It’s Suicide

I fear I’m killing myself with stress and anxiety,” I anxiously confessed to my therapist this past Saturday.

And I’ve been avoiding this – the writing, the grief – all of it. I’ve been dodging the question, “Are you going to do anything for your mom’s birthday” which is tomorrow, April 8th – her would-be 60th. This time of the year just happens to be one of those times, like the holidays, that I would much rather curl up in the fetal position, underneath the covers of my comfy bed and pass the fuck out. Don’t wake me until the end of May. Nah, better yet, make it June just to be safe.

Dates and times have this uncanny significance and strong connection in our minds. I’ll ask myself why I’m feeling so down, why I’m depressed for seemingly “no reason” and then I’ll recall that my mama’s birthday is Wednesday, the same day my nonna passed away three years ago and this Friday, the 10th, will mark four years since I lost my dad to his two year battle with lung cancer.

Alas, I cannot just sleep through these types of things but what I can do is practice the art of avoidance, of distraction. Unfortunately and fortunately, depending on which perspective you are looking from, I’ve become very good at it. So good, in fact, I’ve been lying to myself and to you, my readers, for quite some time. By no means was this lie intentional but it has come to my attention that I have not been grieving after all and this is unfortunate.

My heightened ability to distract myself has resulted in sudden anxiety attacks at the most inopportune times – not that there’s ever an opportune moment to suffer an anxiety attack. They’re highly unpleasant to put it mildly. I’m not going to delve into the nitty-gritty details of these attacks but suffice it to say that the inner self-work I am conducting on a daily basis is about to be taken to the next level with the hopes and the goal that I can find some relief.

One of the ways in which I avoid and justify my lack of grieving is by asking myself and others, “What’s the point?” If I really took the time and endeavored to answer that question, I reckon I’d discover a very large point, perhaps several large points, but as of right now, it is all too painful. Baby steps, I suppose? I place a question mark there because I’m clueless right now – I don’t know what it’s going to take.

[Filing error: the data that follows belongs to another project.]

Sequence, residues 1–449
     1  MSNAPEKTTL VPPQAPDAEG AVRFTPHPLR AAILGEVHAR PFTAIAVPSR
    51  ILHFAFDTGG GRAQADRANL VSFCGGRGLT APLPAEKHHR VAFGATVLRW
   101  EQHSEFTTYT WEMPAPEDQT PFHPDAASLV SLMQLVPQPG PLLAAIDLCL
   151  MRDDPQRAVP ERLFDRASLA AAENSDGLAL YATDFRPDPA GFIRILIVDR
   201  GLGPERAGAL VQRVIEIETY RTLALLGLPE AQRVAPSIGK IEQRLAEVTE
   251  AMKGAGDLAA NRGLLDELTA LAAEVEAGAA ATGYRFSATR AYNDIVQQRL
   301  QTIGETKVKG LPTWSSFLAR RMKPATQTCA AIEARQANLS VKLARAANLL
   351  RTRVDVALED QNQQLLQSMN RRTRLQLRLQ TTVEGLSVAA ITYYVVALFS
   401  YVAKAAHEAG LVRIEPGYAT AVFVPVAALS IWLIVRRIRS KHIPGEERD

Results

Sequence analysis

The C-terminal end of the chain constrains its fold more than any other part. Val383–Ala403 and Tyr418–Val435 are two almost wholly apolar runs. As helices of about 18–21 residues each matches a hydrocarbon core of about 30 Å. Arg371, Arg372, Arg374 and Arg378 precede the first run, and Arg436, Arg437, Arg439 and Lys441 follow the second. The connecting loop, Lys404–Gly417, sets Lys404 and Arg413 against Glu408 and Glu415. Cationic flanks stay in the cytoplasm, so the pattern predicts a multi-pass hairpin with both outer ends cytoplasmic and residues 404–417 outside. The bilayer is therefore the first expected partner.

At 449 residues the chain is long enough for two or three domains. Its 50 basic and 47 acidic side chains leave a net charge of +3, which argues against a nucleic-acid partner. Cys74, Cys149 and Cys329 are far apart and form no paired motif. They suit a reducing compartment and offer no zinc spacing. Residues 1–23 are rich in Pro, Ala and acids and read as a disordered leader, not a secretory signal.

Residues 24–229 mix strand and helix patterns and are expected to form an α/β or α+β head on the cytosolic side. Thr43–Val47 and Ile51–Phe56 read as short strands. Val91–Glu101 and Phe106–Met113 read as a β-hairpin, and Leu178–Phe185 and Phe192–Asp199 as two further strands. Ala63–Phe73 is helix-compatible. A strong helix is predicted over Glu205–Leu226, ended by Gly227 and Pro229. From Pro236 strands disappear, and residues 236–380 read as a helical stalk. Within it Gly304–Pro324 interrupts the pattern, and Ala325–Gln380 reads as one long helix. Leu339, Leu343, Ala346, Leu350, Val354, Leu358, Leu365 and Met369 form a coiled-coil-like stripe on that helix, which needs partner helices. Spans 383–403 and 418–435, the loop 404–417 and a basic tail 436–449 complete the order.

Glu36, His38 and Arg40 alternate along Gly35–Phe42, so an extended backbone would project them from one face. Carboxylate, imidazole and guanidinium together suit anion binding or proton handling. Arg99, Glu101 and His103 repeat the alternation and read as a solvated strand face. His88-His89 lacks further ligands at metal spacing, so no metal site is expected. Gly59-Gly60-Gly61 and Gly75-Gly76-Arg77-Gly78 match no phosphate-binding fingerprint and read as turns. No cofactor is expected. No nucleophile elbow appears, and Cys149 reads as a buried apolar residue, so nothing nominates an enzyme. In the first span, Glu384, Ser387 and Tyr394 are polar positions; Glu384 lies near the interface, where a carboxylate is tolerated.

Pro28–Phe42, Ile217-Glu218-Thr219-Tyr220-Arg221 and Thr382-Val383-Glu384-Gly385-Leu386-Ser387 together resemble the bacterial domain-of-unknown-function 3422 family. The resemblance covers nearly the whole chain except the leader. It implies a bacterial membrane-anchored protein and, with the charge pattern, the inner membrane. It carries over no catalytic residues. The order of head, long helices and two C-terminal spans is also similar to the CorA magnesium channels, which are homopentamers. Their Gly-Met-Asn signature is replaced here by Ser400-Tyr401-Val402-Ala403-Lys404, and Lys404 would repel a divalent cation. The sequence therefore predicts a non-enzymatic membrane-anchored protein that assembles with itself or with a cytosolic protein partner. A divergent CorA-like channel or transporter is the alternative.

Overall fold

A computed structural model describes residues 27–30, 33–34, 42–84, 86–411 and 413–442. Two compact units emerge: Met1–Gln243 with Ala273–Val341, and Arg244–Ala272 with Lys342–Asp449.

Almost four years ago, I lost the most important person in my life. I can’t even do much more describing of her than that – the most important person in my life. Yes, it is true but there’s so much more to her and yes, I’m speaking in present tense because just because her body is gone doesn’t mean her impression and her extraordinary contributions to this world and those around her are gone. And as I’m typing this, I’m getting angry and as I’m describing to you in the present moment my very emotions, I feel like a scared little girl who wants to run and hide in her fucking closet from the boogie man, the monsters under the bed – from grief.

And the self-coaching continues – that was good, Linds. Let it out. But is it really good? Is it really as simple as stating how goddamned angry I am because I can’t pick up the phone tomorrow and wish my mother a happy 60th birthday or send her a birthday card via snail mail? She used to write me all the time when I first moved away to college. I did the same. I can recall being in sketching class, writing my mama a four-page letter rather than sketching the latest Vogue magazine cover girl. Perhaps that’s why I suck at it so bad and resorted to a career using the computer instead of the pencil.

There ya go, Linds – you’re reminiscing. You’re conjuring up a lovely memory, one that you haven’t thought of in quite some time, the inner voice continues.

I’m still completely ignorant as to how to healthily mourn the loss of my mother without feeling like I’m going to stop breathing, like my heart has literally been ripped from my chest by the boogie man since I didn’t really believe in the whole monsters under the bed BS. As I typed the word, “healthily” in reference to mourning, I wondered if there really is a healthy manner in which to mourn? Some, including myself, might even argue that self-medicating isn’t necessarily healthy but it sure as shit helps at times. *See WINE